For over a decade, the CNCA has also been calling for an independent ombudsperson office with the power to investigate human rights complaints related to Canadian corporate activity abroad. The Liberals announced that they would create this independent ombudsperson office in 2018, yet today this is just another empty promise from the government. Instead, the government has created a powerless advisory post.

It is clear that there is much work to be done. That is why NDP members, in working with policy experts on these issues, have put forward two critical pieces of legislation. Bill C-262, the corporate responsibility to protect human rights act, would implement the human rights and environmental due diligence that is needed. It would hold companies accountable for their actions and allow victims of human rights and environmental harm the statutory right to bring a lawsuit against that company. Bill C-263 would give the Office of the Canadian Ombudsperson for Responsible Enterprise the powers needed to actually do its job and investigate and hold companies accountable. 

The CNCA, which includes member groups such as Oxfam Canada, Amnesty International Canada and Human Rights Watch Canada, supports these steps, but it is yet to be seen whether other parties will do the right thing.

Today, we are here debating Bill S-211. From the outset, the NDP recognized that this bill was deeply flawed. New Democrats agree with the view that CNCA shares: that, unamended, this bill is damaging because it creates the appearance of action to end modern slavery without actually having that effect. As currently drafted, Bill S-211advances none of the essential elements of an effective supply chain law.

According to the CNCA:

Bill S-211 would require companies to report on what steps, if any, they have taken to prevent and reduce the risk of forced or child labour in their supply chains. It would only apply to a small minority of companies; it does not require these companies to stop using child or forced labour or to conduct human rights due diligence; and it is silent on other egregious human rights abuses (such as mass rape, murder and torture), as its focus is limited to child or forced labour.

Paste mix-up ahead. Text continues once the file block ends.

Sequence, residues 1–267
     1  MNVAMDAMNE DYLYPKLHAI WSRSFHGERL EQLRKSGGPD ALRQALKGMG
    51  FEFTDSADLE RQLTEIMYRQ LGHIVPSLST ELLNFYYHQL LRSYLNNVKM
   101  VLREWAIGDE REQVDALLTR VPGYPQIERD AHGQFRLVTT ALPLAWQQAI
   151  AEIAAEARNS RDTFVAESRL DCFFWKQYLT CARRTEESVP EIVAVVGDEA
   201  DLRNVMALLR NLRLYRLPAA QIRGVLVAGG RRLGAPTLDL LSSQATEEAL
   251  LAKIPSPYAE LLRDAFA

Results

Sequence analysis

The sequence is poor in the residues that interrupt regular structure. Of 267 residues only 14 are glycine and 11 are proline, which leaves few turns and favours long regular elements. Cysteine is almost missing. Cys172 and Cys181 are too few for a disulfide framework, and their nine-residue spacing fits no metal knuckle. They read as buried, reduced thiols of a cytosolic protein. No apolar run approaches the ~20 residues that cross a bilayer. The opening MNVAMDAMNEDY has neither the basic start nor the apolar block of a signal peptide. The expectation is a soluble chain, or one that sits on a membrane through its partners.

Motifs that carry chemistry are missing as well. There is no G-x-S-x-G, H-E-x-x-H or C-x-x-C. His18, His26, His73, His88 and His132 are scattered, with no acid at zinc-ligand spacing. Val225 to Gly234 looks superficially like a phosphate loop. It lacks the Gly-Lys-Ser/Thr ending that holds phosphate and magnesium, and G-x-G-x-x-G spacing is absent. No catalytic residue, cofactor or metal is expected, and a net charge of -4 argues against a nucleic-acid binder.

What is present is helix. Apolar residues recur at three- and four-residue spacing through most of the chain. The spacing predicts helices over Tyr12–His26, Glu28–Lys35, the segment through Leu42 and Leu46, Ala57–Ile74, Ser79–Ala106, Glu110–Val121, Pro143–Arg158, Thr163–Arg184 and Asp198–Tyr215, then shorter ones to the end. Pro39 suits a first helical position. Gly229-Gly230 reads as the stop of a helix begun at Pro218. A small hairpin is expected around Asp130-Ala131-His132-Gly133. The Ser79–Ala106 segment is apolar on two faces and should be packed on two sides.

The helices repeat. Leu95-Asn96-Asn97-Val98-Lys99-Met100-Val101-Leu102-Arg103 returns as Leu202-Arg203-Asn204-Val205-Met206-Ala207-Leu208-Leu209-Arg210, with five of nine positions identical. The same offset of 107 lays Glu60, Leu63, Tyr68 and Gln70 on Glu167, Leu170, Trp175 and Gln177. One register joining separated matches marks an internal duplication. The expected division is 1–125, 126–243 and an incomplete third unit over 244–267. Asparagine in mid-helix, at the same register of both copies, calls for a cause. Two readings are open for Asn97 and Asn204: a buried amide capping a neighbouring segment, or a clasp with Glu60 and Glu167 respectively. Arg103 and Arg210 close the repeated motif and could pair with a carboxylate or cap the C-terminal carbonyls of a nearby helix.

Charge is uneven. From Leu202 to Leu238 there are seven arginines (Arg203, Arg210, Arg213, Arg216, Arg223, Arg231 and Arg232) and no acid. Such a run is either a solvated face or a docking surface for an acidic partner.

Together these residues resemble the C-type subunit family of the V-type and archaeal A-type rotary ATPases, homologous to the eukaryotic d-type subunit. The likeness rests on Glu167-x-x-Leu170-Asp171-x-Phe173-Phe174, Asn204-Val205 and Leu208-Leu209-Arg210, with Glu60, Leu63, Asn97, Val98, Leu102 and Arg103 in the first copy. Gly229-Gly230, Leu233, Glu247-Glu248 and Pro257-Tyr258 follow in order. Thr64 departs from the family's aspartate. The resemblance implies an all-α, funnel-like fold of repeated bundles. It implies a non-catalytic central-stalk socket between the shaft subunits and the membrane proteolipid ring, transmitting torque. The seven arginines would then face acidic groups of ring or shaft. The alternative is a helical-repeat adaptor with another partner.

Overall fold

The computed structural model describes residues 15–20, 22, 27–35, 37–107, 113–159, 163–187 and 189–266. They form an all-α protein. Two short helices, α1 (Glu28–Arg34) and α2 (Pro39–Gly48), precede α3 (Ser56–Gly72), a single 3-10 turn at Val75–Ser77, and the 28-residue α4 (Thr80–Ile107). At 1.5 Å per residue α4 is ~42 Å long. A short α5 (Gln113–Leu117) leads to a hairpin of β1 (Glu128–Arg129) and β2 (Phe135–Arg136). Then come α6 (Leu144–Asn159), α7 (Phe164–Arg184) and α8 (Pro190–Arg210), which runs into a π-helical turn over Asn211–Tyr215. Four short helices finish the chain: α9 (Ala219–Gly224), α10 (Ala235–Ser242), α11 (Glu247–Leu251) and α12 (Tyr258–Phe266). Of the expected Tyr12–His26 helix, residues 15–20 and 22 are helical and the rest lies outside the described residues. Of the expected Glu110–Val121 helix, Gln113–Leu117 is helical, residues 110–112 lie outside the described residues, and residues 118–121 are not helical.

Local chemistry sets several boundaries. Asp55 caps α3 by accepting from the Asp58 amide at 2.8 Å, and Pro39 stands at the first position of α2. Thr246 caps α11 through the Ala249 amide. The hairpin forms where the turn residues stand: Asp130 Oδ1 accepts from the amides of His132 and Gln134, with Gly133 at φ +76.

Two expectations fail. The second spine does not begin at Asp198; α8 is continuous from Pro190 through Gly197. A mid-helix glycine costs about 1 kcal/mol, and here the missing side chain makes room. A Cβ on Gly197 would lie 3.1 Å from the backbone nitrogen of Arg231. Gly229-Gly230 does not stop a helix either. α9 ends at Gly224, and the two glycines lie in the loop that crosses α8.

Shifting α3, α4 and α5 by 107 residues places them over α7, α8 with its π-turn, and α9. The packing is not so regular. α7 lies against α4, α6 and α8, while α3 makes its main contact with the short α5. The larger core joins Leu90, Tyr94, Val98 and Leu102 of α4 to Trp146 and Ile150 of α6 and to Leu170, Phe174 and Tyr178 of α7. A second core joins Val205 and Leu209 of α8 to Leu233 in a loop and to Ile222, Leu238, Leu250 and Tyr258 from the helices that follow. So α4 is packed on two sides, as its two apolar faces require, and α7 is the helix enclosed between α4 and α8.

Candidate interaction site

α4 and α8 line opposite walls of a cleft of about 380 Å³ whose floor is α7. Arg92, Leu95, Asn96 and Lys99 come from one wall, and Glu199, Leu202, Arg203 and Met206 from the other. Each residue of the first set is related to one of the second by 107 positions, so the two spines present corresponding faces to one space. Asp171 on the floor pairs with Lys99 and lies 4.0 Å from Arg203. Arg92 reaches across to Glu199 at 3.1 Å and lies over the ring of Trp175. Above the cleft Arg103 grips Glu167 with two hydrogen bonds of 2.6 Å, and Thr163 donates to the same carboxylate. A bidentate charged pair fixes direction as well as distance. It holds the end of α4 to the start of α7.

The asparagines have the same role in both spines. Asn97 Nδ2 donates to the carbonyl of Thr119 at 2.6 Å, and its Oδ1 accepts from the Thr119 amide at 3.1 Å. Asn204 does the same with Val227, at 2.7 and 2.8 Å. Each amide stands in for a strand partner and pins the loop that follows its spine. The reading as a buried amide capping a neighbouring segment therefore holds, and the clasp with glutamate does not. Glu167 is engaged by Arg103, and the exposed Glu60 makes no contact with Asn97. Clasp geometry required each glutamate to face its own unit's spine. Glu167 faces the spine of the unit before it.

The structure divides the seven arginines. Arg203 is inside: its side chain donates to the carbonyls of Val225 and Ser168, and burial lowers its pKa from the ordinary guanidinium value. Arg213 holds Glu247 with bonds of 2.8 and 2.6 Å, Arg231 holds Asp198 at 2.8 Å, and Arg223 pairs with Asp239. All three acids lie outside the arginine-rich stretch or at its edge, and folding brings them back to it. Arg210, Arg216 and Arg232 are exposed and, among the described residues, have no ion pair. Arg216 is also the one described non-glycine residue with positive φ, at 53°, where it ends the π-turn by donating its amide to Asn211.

Recognizing the flaws of this bill, the NDP proposed six amendments at committee stage to improve the legislation based on expert testimony, yet the government rejected all of them.

Canada needs to do much more to fight forced labour and child labour. The Minister of Labour's own mandate letter instructs him to “introduce legislation to eradicate forced labour from Canadian supply chains and ensure that Canadian businesses operating abroad do not contribute to human rights abuses.”

Bill S-211 fails to do that. Therefore, the NDP will be voting against this legislation. We will continue to advocate for legislation that actually addresses the issue and commit to eradicating forced labour and child labour. Having the appearance under this bill to be doing something is not good enough.

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HANSARD: Foreign Interference and Alleged Reputational Harm to Members of Parliament

Outside this chamber, just yesterday, there were individuals shouting, questioning and jeering about who the traitors may be. Members of Parliament had to walk past these individuals on the members' way to the House to do their work. I believe we must find a way to disclose which MPs are knowingly, intentionally, wittingly or semi-wittingly engaging with foreign states or their proxies to undermine Canada's democratic processes and institutions. I believe this can be done in a way that does not compromise national security.

If there are no consequences for MPs who knowingly help foreign governments act against Canadian interests, we will continue to be an easy target. This will further erode the trust and faith Canadians have in our democratic processes. If allowed to continue, it will further impugn the integrity of the House. Revealing any member of Parliament, former or present, who is a willing participant in foreign interference activities would have the effect of deterring this kind of behaviour. Moreover, it would send a clear message to those foreign states that this cannot continue and that they will not be able to continue to use parliamentarians in this way. This will further reassure the public of the integrity of the House.

I strongly believe that the House should refer the matter to the procedure and House affairs committee. A possible way to deal with the issue would be for committee members to undergo the necessary security screening to examine the unredacted report and look into the allegations about parliamentarians who were “‘witting or semi-witting’ participants in the efforts of foreign states to interfere in our politics.” We could allow the named parliamentarians to be informed and to come before the committee as witnesses; we could then explore options on how to disclose the named parliamentarians without compromising national security or police investigations of the matter.